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November 15, 2009 (Vol. 29, No. 20)

Pooled Genome-Wide shRNA Screening

Use of the TRC Library with Lentiviral Knowledge and Expertise Helps Lead to Successful Results

  • Overview of Pooled Library Screen

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    Overview of pooled library screen

    There are five primary steps required for utilizing the LentiPlex-pooled library. The following is a brief description of each step.

    1. Optimization of puromycin selection conditions: To effectively eliminate colonies with no shRNA insert, optimization of puromycin selection conditions is suggested for each new cell line tested. This can be accomplished by performing an antibiotic kill curve to determine the optimal concentration of puromycin needed to eliminate untransduced cells.

    The lowest concentration of puromycin that kills all untransduced cells should be utilized for subsequent experiments. Utilizing higher concentrations of puromycin may lead to unacceptably high cytotoxicity and potential off-target effects.

    2. Optimization of transduction efficiency: To successfully identify shRNA sequences of interest, it is critical to set up the screen such that each cell receives only one shRNA construct. By using a low multiplicity of infection (MOI), the probability of multiple integrants per cell is greatly decreased. However, transduction efficiencies and, therefore, desired MOIs depend strongly on the target cell type.

    Therefore, it is imperative that determination of the optimal MOI is carried out before starting the screen in a new cell type.

    The optimal MOI can be determined by testing a range of MOIs using either Mission pLKO.1-Puro or Mission TurboGFP Control Transduction Particles on a fixed cell density.

    3. Transduction and selection: After the optimal MOI is determined, cells are transduced with the viral pools. Transduced cells may be selected using puromycin before the screen is initiated depending upon the type of screen being performed. For screens utilizing a reporter enzyme, the puromycin selection step will eliminate untransduced cells, minimizing the number of cells that will need to be sorted in the end, thereby, maximizing the dynamic range of the assay. For screens assessing changes in viability, the puromycin selection step may not be required if the selective pressure is sufficient to eliminate untransduced cells.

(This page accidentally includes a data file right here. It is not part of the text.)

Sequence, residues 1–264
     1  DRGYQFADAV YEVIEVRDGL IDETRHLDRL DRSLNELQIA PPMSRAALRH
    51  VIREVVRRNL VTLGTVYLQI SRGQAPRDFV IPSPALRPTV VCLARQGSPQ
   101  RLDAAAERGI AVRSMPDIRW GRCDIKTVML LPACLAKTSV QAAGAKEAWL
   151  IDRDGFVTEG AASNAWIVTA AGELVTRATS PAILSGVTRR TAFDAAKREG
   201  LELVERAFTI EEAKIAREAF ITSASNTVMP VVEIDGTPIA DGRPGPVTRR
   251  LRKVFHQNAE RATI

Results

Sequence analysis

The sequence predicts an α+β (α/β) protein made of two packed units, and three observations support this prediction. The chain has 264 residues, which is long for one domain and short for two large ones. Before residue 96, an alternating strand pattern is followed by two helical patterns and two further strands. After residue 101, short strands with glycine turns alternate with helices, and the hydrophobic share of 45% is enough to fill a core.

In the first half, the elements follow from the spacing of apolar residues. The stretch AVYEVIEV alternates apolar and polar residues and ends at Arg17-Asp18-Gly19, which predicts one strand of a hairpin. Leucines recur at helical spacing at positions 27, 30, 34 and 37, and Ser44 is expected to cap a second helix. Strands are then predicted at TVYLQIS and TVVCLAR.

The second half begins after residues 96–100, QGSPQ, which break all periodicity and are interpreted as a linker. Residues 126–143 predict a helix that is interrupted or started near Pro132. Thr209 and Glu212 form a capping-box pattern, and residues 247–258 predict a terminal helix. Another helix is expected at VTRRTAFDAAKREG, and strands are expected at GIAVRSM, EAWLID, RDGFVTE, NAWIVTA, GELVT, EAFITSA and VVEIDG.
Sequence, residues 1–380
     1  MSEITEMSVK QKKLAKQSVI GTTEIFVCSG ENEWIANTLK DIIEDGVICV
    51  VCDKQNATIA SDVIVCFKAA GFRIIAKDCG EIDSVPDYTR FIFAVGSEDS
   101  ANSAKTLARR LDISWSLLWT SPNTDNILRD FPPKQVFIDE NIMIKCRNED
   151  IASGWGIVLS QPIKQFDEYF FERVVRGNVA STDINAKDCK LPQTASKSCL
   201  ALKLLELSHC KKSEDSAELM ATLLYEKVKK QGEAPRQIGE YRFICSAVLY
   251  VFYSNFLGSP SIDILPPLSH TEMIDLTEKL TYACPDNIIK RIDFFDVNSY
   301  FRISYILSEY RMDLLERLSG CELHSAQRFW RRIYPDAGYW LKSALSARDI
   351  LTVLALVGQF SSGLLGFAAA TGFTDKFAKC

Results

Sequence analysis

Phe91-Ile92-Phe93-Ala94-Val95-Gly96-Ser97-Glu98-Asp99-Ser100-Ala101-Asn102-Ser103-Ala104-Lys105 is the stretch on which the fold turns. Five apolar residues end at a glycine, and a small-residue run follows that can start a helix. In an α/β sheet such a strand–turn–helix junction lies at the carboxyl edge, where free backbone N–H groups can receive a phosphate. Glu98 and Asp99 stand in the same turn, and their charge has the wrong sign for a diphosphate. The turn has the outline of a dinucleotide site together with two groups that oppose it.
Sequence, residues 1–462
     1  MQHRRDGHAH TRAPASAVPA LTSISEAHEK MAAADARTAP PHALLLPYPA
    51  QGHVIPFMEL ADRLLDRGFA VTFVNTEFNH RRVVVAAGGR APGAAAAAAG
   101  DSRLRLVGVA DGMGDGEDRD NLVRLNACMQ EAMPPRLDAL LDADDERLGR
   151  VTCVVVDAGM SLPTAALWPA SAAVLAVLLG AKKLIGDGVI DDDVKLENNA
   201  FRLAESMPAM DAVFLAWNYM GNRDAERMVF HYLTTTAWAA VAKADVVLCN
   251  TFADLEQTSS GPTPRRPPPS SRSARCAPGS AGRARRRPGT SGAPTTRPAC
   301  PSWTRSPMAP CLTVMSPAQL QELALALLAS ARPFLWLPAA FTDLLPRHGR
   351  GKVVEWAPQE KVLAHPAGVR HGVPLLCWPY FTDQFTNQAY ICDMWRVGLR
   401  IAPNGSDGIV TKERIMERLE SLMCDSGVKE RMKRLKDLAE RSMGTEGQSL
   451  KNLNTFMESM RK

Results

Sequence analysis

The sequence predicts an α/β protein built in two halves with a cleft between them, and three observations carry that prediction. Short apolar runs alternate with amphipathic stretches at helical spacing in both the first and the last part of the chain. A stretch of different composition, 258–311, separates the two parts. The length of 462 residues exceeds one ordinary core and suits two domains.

Another variable is the length of time between transduction/
    puromycin selection and application of selective pressure. Shorter times will result in fewer cells to maintain and sort at the end. Longer times will result in a broader more representative screen. In addition, the increased number of replication cycles will detect more genes that influence pathways downstream of their immediate targets. This balance will be screen-specific and depend on the type of targets that are desired at the end of the screen. It’s always important to include the most appropriate positive and negative controls for your screen.

    4. PCR amplification: Total genomic DNA is isolated from the selected and expanded cell populations. The shRNA inserts can then be readily amplified using the primers provided. The provided Mission shRNA Human Positive Control Vector should be used as template in a separate reaction in order to ensure that the PCR reactions are working optimally.

    5. Identification of positive hits: Sequence analysis of the PCR amplicons recovered from cells expressing the phenotype of interest can identify hits from the positive selection screen. The sequencing primer is provided in the kit.

    Mission LentiPlex pooled shRNA libraries combine the RNAi Consortium’s shRNA collection with Sigma’s lentiviral manufacturing expertise to enable genome-wide RNAi screens on your benchtop. The LentiPlex pooled screening system provides enhanced delivery and long-term gene silencing in nondividing and primary cell lines. Rapid, whole-genome RNAi screens are now accessible to any researcher with minimal reagent, time, or capital equipment investment. 

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